A suicide attack near a Shi’ite shrine killed at least 36 people on Monday in the central Iraqi city of Karbala, a health official said.
The attack came as United States Vice-President Dick Cheney visited Baghdad on a surprise trip and met several US and Iraqi leaders to discuss the recent improvement in security across the country.
At least 50 people were wounded in the blast, which occurred near the revered Imam Hussein shrine, said Alaa Hamud Dadair, head of Karbala’s health directorate.
Witnesses said the attacker was a female suicide bomber, Dadair said.
An Agence France-Presse correspondent at the site said several ambulances and police vehicles were ferrying victims to hospital following the blast, which occurred about 100m from the shrine, located in the centre of the city.
Soon after the attack, Karbala police imposed an indefinite curfew in the central parts of the city.
Insurgents have targeted the Shi’ite shrine city on several occasions in the past five years.
On April 28 last year a suicide car-bomb attack near the Imam Abbas shrine, a second revered shrine in Karbala, killed more than 70 people and wounded nearly 160.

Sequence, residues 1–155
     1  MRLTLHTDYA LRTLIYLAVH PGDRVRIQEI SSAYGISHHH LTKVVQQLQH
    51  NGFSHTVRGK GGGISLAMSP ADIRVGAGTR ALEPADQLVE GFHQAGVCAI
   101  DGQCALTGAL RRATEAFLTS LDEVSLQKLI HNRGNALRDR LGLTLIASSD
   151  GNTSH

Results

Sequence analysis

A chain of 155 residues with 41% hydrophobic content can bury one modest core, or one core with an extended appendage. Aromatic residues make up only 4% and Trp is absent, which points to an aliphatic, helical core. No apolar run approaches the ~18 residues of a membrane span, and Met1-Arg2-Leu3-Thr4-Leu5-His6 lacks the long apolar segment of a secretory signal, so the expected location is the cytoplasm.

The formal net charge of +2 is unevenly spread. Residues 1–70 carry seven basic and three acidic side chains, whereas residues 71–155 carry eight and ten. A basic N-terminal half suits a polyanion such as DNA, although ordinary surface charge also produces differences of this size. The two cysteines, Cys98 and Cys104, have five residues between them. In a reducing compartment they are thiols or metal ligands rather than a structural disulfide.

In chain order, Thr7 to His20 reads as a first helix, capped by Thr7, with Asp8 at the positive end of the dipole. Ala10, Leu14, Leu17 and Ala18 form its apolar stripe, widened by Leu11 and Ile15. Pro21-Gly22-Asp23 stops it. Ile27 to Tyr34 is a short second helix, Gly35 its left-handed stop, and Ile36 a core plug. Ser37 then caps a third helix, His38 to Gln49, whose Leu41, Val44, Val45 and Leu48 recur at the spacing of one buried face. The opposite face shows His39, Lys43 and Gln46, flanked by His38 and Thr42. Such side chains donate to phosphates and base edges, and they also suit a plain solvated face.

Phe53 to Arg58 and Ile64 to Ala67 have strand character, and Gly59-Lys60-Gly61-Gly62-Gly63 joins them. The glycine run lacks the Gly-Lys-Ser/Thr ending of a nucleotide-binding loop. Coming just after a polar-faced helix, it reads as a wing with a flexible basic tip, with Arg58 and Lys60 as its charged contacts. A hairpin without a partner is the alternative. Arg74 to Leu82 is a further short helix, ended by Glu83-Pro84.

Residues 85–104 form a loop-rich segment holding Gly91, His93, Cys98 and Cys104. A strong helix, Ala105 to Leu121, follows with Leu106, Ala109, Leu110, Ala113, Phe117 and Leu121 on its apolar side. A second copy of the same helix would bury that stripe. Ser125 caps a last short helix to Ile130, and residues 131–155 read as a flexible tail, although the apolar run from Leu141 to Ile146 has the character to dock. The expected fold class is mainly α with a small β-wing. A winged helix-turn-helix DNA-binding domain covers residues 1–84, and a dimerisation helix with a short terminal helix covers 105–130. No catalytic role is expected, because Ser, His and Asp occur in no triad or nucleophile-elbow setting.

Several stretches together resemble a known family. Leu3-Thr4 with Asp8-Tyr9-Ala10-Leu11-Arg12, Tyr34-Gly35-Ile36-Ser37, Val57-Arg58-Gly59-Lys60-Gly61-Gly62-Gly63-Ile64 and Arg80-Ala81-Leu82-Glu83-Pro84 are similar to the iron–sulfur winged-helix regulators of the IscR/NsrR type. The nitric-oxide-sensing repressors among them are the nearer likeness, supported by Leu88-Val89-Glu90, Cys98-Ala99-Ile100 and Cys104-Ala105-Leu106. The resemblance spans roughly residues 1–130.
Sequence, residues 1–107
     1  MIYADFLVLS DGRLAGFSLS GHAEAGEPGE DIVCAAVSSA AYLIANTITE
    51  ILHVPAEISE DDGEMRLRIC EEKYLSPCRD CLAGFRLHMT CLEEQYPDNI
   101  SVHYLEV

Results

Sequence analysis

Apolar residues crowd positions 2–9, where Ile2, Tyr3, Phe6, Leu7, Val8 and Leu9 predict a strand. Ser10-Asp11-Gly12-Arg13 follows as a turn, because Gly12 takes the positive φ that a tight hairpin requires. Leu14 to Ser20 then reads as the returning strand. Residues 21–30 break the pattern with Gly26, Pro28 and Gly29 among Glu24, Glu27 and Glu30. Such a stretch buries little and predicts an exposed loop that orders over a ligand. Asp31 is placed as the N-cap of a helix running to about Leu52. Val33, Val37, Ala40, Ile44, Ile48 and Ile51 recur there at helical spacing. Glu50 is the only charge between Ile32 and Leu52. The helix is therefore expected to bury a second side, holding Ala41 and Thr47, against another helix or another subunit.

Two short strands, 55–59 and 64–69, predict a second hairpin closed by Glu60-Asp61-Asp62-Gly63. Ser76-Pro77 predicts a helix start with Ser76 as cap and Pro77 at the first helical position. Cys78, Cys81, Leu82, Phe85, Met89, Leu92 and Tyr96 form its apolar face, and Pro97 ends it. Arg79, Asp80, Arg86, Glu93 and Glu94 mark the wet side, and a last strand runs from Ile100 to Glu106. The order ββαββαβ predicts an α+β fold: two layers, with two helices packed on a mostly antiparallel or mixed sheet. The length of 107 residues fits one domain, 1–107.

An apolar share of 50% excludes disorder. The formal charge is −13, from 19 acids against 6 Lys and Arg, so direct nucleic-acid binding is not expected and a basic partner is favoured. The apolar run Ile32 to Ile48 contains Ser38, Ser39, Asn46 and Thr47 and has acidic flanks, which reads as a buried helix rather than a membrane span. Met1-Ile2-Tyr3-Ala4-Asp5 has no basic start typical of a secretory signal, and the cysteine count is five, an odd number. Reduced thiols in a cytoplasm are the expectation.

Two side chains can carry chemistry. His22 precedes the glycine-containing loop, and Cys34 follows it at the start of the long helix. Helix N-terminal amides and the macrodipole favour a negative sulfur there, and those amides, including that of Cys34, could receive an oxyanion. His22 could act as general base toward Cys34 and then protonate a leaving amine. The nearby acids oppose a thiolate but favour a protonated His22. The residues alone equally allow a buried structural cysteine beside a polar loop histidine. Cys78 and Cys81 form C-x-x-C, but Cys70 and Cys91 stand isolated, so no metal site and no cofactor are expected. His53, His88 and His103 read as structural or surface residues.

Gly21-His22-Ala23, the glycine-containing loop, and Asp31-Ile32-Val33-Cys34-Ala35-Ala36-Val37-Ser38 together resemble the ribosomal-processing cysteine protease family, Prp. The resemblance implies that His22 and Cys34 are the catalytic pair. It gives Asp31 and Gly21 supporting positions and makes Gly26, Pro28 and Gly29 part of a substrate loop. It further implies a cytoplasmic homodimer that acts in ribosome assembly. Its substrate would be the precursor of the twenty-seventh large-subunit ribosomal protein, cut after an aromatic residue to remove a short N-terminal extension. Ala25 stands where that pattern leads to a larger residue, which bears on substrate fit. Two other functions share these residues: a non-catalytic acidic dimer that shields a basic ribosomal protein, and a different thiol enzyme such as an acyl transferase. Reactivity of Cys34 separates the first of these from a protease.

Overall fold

Two weeks earlier, a similar bomb attack close to the Imam Hussein shrine killed 42 people and wounded scores more.
Karbala was also the site of bloody clashes between Shi’ite militants and police in August, which left more than 50 people dead and hundreds injured.
The Mehdi Army militia of Shi’ite cleric Moqtada al-Sadr was blamed for those clashes, after which al-Sadr ordered a freeze on the activities of the militia, which remains in force.
Iraq has been rocked by a series of suicide bomb attacks in recent months, including by females.
The US military says explosive vests have become the weapon of choice for al-Qaeda in Iraq, with most jihadists nowadays wearing the suicide apparel.
”Late in 2007 there were about eight or 10 [suicide bombings] a month; in the month of February, there were 18. There is an increase,” US military spokesperson Rear Admiral Gregory Smith told a news conference on Sunday.
The US military in Iraq had also tracked an increase in requests by al-Qaeda leaders for foreign fighters to become human bombs, Smith said.
However, he added, measures by countries such as Saudi Arabia and Syria to stop foreign fighters slipping across the border into Iraq has reduced the number of available recruits. — Sapa-AFP